Q&A: Chef Ryan Poli, Tavernita, Chicago
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We’re going to have Iberico ham on the counter, a red hand-cranked meat slicer for charcuterie boards, cheese plates, marinated olives, white anchovies. Very simple, very rustic. Everything will be $2, $3 and $5, except for the Iberico, which will be about $30 an ounce.
There will be housemade vermouth, a cider program, keg cocktails and keg wines at both restaurants.
There will be a crudo bar at the back of the restaurant where we’re going to do a couple of composed oysters with our own garnish paired with the flavor of the oyster, a couple of half-shell oysters, a lot of crudo, salpicon, ceviches.
And then there will be a “platos” menu, which ranges from a lot of vegetables, a house sausage, confit suckling pig, half roasted chicken, meatballs, grilled octopus salad.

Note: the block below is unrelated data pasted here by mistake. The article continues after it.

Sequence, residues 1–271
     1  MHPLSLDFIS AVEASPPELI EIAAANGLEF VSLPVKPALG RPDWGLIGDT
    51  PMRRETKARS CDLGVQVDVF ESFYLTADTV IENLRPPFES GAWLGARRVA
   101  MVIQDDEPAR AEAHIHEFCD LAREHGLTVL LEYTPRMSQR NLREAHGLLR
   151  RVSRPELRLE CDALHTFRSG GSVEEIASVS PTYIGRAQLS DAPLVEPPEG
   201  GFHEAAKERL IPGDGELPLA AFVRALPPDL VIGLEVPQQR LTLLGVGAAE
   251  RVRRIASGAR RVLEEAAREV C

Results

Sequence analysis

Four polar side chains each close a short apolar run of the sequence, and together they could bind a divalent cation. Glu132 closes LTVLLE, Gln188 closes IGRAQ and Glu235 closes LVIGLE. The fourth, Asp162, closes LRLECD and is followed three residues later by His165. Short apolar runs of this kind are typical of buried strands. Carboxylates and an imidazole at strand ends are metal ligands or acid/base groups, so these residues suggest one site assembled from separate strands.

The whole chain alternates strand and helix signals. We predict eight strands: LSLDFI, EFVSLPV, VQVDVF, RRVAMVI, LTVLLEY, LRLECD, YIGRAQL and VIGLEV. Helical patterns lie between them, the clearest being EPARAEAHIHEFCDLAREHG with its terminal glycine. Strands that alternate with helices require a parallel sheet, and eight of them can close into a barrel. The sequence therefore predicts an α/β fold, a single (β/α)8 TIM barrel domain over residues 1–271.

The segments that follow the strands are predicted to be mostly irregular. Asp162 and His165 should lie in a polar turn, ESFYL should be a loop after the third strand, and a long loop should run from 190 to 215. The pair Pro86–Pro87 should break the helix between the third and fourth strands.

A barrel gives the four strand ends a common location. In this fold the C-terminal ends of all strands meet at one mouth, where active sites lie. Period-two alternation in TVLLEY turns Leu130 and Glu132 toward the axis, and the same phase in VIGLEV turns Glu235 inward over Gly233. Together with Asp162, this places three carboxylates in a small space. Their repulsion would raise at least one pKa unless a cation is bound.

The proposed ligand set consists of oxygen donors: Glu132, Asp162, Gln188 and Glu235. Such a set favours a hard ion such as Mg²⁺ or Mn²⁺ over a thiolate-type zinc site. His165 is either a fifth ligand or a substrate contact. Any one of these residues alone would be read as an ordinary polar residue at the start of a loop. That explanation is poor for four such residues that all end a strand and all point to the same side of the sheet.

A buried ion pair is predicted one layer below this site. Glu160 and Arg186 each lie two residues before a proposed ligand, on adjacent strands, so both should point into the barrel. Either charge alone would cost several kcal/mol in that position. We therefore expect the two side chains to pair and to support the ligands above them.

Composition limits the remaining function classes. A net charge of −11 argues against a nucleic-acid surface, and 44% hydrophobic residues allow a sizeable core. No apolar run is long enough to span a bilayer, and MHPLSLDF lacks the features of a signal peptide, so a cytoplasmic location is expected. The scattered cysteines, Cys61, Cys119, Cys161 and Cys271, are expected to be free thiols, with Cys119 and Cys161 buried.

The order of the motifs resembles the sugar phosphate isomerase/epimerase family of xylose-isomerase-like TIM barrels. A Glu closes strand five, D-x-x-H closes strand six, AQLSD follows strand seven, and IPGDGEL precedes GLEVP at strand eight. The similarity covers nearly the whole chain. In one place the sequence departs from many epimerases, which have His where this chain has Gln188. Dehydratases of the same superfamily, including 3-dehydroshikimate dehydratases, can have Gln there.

In the back we’ll have a private lounge that’s going to handle overflow for the diners during the restaurant hours, and it’s going to turn into a little party at night — a little late-night lounge with late-night bites, a cocktail program. I can’t wait until it opens.
Why did you decide on a Spanish-Latin tapas concept?
A year and a half ago, French bistros were opening all over the city. Then it was oyster bars and American lobster roll restaurants, and now it’s Italian trattorias with Neapolitan pizza. No one’s done Spanish in a long time. I think four years ago Mercat a la Planxa, a José Garces restaurant, opened [in March 2008]. But that’s a more formal restaurant, very different from what we’re doing.